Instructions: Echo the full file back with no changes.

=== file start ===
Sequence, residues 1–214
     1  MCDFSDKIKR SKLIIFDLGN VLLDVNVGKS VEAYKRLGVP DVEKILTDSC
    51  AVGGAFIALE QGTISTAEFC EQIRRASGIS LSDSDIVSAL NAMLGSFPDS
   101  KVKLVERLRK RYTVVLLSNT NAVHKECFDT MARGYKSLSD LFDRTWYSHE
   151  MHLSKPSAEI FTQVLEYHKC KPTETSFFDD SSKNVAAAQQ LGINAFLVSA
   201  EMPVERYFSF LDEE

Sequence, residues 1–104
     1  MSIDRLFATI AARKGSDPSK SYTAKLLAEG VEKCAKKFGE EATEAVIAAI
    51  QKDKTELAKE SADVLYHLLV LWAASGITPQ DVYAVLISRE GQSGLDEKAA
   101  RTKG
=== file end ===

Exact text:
Sequence, residues 1–214
     1  MCDFSDKIKR SKLIIFDLGN VLLDVNVGKS VEAYKRLGVP DVEKILTDSC
    51  AVGGAFIALE QGTISTAEFC EQIRRASGIS LSDSDIVSAL NAMLGSFPDS
   101  KVKLVERLRK RYTVVLLSNT NAVHKECFDT MARGYKSLSD LFDRTWYSHE
   151  MHLSKPSAEI FTQVLEYHKC KPTETSFFDD SSKNVAAAQQ LGINAFLVSA
   201  EMPVERYFSF LDEE

Sequence, residues 1–104
     1  MSIDRLFATI AARKGSDPSK SYTAKLLAEG VEKCAKKFGE EATEAVIAAI
    51  QKDKTELAKE SADVLYHLLV LWAASGITPQ DVYAVLISRE GQSGLDEKAA
   101  RTKG